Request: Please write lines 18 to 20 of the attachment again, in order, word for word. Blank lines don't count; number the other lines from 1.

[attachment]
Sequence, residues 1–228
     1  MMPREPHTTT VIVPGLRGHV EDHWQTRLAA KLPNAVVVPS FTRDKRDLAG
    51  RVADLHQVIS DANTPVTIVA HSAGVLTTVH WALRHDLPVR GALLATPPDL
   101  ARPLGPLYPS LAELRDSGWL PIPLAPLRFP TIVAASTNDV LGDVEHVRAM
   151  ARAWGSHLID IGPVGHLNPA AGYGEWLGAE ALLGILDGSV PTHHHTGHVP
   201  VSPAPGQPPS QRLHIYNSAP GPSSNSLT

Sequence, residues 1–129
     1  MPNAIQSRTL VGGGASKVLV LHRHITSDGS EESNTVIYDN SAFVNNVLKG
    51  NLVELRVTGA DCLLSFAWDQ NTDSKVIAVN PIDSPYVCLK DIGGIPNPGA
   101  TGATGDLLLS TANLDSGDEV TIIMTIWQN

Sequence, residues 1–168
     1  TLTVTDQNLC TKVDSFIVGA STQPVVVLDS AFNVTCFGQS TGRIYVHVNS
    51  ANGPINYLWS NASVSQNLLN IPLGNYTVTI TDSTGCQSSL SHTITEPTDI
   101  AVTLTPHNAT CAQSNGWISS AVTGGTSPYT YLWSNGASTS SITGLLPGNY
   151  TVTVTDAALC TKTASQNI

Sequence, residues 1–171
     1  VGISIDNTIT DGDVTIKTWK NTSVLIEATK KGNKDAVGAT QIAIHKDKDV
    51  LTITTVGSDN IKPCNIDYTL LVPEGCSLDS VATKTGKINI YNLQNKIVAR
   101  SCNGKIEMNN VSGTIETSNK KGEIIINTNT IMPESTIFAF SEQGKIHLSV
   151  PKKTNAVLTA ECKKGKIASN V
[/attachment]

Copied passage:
    51  LTITTVGSDN IKPCNIDYTL LVPEGCSLDS VATKTGKINI YNLQNKIVAR
   101  SCNGKIEMNN VSGTIETSNK KGEIIINTNT IMPESTIFAF SEQGKIHLSV
   151  PKKTNAVLTA ECKKGKIASN V